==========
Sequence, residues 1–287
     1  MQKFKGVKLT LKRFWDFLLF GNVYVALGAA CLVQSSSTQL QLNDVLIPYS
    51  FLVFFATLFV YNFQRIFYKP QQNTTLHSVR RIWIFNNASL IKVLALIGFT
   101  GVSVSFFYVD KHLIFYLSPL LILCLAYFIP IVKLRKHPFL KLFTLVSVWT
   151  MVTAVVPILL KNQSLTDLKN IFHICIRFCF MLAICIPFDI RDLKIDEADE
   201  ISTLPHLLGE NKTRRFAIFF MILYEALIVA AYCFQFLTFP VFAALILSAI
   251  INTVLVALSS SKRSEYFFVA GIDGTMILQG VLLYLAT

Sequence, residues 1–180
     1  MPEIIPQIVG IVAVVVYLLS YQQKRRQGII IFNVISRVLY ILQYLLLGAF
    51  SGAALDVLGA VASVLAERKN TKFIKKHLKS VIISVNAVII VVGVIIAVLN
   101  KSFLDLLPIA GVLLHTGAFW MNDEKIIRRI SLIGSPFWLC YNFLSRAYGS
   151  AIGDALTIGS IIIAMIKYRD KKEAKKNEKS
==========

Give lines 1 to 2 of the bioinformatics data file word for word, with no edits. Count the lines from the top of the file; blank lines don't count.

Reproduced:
Sequence, residues 1–287
     1  MQKFKGVKLT LKRFWDFLLF GNVYVALGAA CLVQSSSTQL QLNDVLIPYS